Under the AFP, 2,750 applicants already working in Canada every year in the country’s agriculture and agri-food industry gain permanent residency. In 2021, that industry sector had exports of nearly $82.2 billion, including raw agricultural materials, fish and seafood, and processed foods.

That makes Canada the fifth-largest exporter of agri-food and seafood in the world, exporting to over 200 countries. The industry is responsible for one in nine jobs in Canada and employed 2.1 million people in 2021.

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Launched in May 2020, the AFP is now slated to run until May 14, 2025 and continue to help facilitate the transition of experienced workers in agricultural and food industries to permanent residence in Canada.

Keith Currie, president of the Canadian Federation of Agriculture, has said labour shortages are one of the most significant challenges facing the agriculture sector in Canada and the country needs programs like the AFP which support the long-term needs of the agri-food sector.

“We are pleased to see some greater flexibility in the program and look forward to working with the government to ensure farm workers have clear and accessible pathways to permanent residence,” he said.

Canadian immigration is expected to soon announce changes to the pilot, including:

  • expanding open work permit access to family members of all participants in the AFP, regardless of the participant’s job skill level;
  • allowing unions to attest to a candidate’s work experience, as an alternative to employer reference letters;
  • giving applicants residing in Canada the option to either meet the job offer requirement, including the median wage requirement for the job offer, or the education requirement, including educational credential assessment verification, and;
  • accepting work experience gained under an open work permit for vulnerable workers, giving more workers an opportunity to qualify.

The occupations and industries eligible under the pilot include:

Meat product manufacturing

  • retail butchers
  • industrial butchers
  • farm supervisors and specialized livestock workers
  • food processing labourers

Greenhouse, nursery and floriculture production, including mushroom production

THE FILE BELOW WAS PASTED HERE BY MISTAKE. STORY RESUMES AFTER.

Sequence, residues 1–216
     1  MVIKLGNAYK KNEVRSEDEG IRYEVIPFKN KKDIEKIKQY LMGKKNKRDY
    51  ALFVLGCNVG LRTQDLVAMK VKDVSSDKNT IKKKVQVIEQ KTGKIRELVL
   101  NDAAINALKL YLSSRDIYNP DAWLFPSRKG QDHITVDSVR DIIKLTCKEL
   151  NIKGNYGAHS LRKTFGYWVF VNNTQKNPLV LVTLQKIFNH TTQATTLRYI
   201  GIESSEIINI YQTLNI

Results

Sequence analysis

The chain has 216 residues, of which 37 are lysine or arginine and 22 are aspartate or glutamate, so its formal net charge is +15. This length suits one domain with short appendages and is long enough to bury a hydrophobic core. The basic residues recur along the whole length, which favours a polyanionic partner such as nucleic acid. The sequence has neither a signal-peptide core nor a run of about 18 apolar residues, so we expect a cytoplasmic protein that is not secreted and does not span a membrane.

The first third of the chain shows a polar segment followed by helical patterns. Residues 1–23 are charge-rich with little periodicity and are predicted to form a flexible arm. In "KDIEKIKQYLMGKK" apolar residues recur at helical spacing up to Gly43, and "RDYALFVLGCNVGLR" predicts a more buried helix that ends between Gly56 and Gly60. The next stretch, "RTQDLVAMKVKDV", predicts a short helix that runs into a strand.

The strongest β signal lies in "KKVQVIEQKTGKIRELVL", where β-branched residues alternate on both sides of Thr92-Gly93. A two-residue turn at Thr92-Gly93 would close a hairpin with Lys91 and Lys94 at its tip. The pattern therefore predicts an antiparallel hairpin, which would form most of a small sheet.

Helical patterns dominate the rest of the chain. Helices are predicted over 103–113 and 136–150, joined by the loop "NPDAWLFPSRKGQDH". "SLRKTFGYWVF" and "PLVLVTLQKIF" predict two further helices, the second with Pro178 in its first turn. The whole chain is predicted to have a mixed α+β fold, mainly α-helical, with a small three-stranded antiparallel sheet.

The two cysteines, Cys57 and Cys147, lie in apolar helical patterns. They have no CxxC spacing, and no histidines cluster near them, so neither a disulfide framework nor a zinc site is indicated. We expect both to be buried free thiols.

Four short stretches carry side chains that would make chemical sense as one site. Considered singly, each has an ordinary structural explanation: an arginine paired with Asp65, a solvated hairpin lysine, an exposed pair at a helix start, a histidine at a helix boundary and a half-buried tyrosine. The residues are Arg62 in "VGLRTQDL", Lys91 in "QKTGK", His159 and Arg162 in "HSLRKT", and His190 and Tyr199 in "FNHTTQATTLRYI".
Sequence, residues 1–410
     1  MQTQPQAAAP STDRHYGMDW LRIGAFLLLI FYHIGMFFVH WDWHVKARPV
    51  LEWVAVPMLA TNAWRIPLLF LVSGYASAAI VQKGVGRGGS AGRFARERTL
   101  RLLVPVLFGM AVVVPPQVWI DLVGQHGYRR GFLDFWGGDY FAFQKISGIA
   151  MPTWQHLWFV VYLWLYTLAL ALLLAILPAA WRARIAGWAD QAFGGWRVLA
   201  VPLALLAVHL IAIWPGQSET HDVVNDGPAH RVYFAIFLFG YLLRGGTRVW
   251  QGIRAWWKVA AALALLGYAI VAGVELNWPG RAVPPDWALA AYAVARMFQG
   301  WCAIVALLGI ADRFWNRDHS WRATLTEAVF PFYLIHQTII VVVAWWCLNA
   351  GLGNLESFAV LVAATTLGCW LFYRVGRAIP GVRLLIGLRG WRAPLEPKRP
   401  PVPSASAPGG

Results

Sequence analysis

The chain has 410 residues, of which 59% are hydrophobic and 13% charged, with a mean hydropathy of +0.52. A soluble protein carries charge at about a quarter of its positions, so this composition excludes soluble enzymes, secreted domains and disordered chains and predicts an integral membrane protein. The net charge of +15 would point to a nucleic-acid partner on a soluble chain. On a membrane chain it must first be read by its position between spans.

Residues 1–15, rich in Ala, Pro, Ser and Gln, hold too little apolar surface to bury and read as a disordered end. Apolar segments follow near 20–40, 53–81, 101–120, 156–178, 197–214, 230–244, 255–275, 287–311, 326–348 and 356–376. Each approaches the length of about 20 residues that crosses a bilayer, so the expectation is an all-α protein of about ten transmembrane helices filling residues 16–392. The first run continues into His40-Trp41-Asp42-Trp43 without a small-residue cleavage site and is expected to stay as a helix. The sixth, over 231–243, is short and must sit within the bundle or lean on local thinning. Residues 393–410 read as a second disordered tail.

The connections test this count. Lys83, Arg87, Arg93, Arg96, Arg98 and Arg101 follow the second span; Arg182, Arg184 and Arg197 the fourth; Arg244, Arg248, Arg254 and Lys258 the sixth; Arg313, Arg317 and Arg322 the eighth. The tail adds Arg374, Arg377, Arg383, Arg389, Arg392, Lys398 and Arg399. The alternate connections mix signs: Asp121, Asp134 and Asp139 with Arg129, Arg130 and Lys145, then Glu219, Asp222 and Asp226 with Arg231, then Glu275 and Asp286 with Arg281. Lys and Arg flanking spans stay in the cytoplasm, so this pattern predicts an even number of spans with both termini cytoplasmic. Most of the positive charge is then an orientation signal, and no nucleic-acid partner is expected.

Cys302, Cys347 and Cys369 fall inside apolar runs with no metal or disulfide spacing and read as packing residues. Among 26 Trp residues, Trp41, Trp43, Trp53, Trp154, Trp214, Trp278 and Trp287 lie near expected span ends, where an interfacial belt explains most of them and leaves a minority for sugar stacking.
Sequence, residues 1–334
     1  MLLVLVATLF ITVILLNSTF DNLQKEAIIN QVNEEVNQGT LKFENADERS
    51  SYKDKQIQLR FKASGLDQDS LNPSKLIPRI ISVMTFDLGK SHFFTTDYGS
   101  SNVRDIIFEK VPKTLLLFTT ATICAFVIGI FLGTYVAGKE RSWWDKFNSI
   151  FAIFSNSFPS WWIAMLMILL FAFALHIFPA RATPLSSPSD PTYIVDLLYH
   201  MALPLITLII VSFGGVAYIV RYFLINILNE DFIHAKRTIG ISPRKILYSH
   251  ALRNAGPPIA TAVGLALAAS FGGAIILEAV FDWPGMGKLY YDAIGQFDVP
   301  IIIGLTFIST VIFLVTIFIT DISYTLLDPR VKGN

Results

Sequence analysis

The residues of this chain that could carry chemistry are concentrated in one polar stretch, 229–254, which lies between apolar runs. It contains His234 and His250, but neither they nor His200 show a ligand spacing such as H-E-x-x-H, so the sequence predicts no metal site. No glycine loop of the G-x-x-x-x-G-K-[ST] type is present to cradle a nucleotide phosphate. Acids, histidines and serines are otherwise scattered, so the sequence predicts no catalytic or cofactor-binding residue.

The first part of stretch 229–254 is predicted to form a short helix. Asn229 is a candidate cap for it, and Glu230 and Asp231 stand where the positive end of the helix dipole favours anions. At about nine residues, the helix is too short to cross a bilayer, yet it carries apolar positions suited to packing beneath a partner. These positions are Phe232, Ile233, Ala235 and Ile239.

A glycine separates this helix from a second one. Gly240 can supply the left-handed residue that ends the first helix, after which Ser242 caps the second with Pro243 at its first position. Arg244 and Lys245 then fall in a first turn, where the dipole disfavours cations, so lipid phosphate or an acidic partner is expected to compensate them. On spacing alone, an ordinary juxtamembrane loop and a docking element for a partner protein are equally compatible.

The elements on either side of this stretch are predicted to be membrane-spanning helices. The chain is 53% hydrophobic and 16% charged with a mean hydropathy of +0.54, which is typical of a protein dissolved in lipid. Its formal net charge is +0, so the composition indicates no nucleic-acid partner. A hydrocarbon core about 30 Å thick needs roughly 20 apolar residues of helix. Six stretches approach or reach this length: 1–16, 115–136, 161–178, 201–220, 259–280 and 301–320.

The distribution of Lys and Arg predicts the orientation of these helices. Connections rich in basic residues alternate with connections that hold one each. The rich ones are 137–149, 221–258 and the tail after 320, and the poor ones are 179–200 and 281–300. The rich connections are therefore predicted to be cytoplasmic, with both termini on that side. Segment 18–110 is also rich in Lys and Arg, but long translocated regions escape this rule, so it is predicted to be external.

• farm supervisors and specialized livestock workers
  • general farm workers
  • harvesting labourers

Animal production, excluding aquaculture

  • farm supervisors and specialized livestock workers
  • general farm workers

Since the francophone province of Quebec sets its own immigration programs under the Canada-Quebec Accord, the AFP does not apply there and candidates must intend to live and work outside of Quebec after obtaining permanent residence. 

Are you ready to live and work in Canada? Fill out our free evaluation form to find out if you are eligible.

Become the right candidate with the job you always wanted with our online IELTS and EECP packages at

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Colin Singer
Colin Singer is an international acclaimed Canadian immigration lawyer and founder of featured on Wikipedia. Colin Singer is also founding director of the Canadian Citizenship & Immigration Resource Center (CCIRC) Inc. He served as an Associate Editor of ‘Immigration Law Reporter’, the pre-eminent immigration law publication in Canada. He previously served as an executive member of the Canadian Bar Association’s Quebec and National Immigration Law Sections and is currently a member of the Canadian Chapter of the American Immigration Lawyers Association. Colin has twice appeared as an expert witness before Canada’s House of Commons Standing Committee on Citizenship and Immigration. He is frequently recognized as a recommended authority at national conferences sponsored by government and non-government organizations on matters affecting Canada’s immigration and human resource industries. Since 2009, Colin has been a Governor of the Quebec Bar Foundation a non-profit organization committed to the advancement of the profession, and became a lifetime member in 2018.